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Published: October 14th 2009
First of all, I want to say thanks to everyone who sent me a birthday message, they really cheered me up this morning. Perhaps not making a big deal about your own birthday actually turns out to be more profitable, because as people find out they missed the date itself, they want to celebrate belatedly. For example, I didn't have to pay for food all day yesterday (day after I turned 21)-- a Chinese friend treated me to lunch, then two Korean classmates took me to a Hot Pot restaurant for dinner. 生日快乐！
Classes and weather are as normal, so I'll just talk about my experience teaching English here.
Two days ago, last monday, was my first day of "classes." Actually, first of all, let me explain my position: The students at Sichuan University's new campus are required to take English, and China's government requires university-level English to include instruction by a native speaker. So, their classes are two days a week (45 min each), once with a Chinese teacher to explain writing/reading/grammar, once with a "foreign teacher" (ex. me) to teach speaking and listening. We're paid 100RMB per class. Each class is different. We were given no syllabus to teach from and one (not so great) textbook that not every class is using. We're a requirement fulfilled, in some respects.
But then again, we're also necessary. These freshman have mostly taken English since the beginning of middle school, so 6 or so years now. So maybe their reading and writing is good. I don't know, I don't teach that. But because they've never heard, native (authentic?) English spoken at them, I'd say 10% of what I said in class Monday was understood. Some students, less. I am literally their first introduction to native-spoken American English, and I didn't realize how big a difference such an introduction makes until Monday. They're all very bright students (you pretty much have to be exceptionally intelligent to get into a top-10 Chinese university like Sichuan U.), so it's of no fault of their own abilities or efforts, but only the top few students in each class have adequate English at this point. After just 2+years of Chinese (with native Mandarin-speaking teachers), my pronunciation and listening comprehension is better then the vast majority of my English students.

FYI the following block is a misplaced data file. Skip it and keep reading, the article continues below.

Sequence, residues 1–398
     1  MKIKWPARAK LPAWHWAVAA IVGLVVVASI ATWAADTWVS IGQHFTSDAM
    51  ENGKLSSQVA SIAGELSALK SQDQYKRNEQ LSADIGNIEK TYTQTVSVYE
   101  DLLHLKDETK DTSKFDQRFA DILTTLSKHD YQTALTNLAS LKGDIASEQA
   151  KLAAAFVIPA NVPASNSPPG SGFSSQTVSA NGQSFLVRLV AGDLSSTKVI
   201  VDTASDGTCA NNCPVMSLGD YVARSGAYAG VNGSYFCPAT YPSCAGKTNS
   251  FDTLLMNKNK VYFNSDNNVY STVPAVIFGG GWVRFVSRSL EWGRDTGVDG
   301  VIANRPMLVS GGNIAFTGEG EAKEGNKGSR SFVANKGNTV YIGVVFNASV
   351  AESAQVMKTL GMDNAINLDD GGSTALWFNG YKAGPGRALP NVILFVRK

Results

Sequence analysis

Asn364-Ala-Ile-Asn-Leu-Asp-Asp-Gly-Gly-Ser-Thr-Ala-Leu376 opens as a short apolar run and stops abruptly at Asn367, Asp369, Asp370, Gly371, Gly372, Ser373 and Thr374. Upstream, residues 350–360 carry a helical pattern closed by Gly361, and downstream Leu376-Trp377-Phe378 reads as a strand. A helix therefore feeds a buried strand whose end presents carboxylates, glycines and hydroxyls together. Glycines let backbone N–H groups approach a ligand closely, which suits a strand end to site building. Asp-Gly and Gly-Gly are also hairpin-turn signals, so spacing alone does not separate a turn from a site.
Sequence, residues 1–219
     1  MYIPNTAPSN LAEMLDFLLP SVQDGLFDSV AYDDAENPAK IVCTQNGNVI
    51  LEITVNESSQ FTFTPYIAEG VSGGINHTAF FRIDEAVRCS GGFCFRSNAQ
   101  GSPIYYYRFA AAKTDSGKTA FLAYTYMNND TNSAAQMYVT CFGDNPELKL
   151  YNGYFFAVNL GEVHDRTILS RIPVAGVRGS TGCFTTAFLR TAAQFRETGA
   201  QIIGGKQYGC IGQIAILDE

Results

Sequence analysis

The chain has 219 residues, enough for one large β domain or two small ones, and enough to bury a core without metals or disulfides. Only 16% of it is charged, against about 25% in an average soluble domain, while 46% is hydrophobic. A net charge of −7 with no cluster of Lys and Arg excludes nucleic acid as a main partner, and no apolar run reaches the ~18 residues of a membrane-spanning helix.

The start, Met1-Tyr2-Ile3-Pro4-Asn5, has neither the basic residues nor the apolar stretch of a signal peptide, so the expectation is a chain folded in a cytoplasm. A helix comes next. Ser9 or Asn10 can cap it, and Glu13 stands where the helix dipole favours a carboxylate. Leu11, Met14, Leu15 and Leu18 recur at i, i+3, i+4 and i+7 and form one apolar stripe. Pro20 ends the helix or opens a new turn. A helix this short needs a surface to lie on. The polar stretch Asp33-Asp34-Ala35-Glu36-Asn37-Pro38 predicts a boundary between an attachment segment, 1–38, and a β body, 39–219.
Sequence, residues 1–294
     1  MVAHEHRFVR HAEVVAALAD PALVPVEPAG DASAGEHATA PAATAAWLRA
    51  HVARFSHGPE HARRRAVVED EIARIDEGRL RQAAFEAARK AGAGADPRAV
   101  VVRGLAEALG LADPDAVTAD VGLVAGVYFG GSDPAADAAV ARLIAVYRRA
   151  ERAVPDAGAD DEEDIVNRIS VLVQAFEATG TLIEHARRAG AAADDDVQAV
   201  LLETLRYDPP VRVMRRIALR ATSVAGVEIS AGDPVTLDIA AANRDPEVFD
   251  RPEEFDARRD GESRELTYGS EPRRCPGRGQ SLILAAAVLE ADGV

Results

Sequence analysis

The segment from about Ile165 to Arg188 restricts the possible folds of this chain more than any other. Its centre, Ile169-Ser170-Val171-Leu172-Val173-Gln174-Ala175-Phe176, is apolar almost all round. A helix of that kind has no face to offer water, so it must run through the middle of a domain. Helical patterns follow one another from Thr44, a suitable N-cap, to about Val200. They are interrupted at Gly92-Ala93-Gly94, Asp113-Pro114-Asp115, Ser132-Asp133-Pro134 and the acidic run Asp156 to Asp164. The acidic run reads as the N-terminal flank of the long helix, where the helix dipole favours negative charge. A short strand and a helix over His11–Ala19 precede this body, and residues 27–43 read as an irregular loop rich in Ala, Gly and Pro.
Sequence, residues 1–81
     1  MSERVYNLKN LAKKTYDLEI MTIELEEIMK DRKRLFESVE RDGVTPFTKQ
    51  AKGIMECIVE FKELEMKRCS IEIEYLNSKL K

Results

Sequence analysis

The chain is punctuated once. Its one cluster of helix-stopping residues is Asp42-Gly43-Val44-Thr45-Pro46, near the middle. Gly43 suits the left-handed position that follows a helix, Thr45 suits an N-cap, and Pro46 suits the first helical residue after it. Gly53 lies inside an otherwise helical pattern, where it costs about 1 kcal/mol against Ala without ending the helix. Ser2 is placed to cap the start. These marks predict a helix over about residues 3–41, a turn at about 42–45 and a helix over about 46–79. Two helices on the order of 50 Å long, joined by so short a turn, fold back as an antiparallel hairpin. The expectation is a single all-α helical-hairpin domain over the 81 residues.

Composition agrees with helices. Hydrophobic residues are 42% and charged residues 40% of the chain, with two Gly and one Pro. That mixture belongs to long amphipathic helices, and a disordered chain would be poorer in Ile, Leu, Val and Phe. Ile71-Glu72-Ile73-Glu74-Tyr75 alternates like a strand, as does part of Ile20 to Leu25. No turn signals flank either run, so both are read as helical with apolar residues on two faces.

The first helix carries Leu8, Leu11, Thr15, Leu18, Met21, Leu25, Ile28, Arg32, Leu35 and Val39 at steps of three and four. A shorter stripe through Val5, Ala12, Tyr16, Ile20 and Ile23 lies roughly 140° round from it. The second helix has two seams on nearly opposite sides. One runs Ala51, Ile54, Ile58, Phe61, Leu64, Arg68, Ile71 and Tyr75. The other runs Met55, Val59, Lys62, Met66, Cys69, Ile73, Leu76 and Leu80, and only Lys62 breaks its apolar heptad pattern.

So, yeah, this job will be hard. I will not have a large influence if I simply assign homework, have them listen to tapes and read dialogues out loud. That's what they have been doing, and it has not been working. Perhaps not being given a curriculum to teach from, which at first seemed a nuisance to me, may actually be a blessing. I can teach them some new ways. I plan to play games in class where they will have to be able to listen to me and talk to each other. My first day, I just split students into groups of 4 and had them introduce themselves to each other, then one person from each group introduced their "new friends" to the rest of the class. Some funny mishaps/admissions there: One guy introduced his two guy friends as "sexy," and another said he really liked American girls, but liked Chinese girls more.
But this is the type of thing I wanted. I teach mandatory English classes. The students are not English majors, and probably do not want to be there. They will not learn English if they don't like to learn English and don't like me. So I crack jokes, describe new words by acting them out in front of the class, and so forth. Next week, I told the classes to study up on the names of body parts, but not why. Next week, we will be playing "Simon Says" in class--it's honestly the best way I could think of to make them try to concentrate on listening, and to get them looking up practical, necessary words on their own.
Also, it's something the entire class can to together. It will be hard to engage an entire class of 40-50 for 45minutes, when the proficiency levels are so disparate. Their practical English skills have not been tested yet. As the first foreign instructor these students have ever had, I'm their litmus test as well as introduction to native English. Whew. I'll actually be earning this $$
Actually, I've also picked up an additional teaching gig for just this week. The son of a friend of my Chinese teacher is preparing to take the TOEFL test this Sunday, which tests a student's ability to speak English as a second language. It's hugely stressful and important in countries not names USA/England/Australia/New Zealand, and a huge determinant in acceptance of foreign students to overseas universities.
This in mind, I'm being paid by this 18-year-old robotics whiz to just have extended conversations in English, because he plans to apply to Florida U. and UC-Berkeley, but feels his current TOEFL mark is insufficient. So yesterday, tomorrow and Friday, I will meet with him for three hours each afternoon to help him practice speaking and listening. 300RMB per session. I made $40 USD yesterday to drink chysthanthemum(sp?) tea and talk about basketball.
I'm in the money, folks, and it's thanks to no special skill of mine. I'll end this post on that note.
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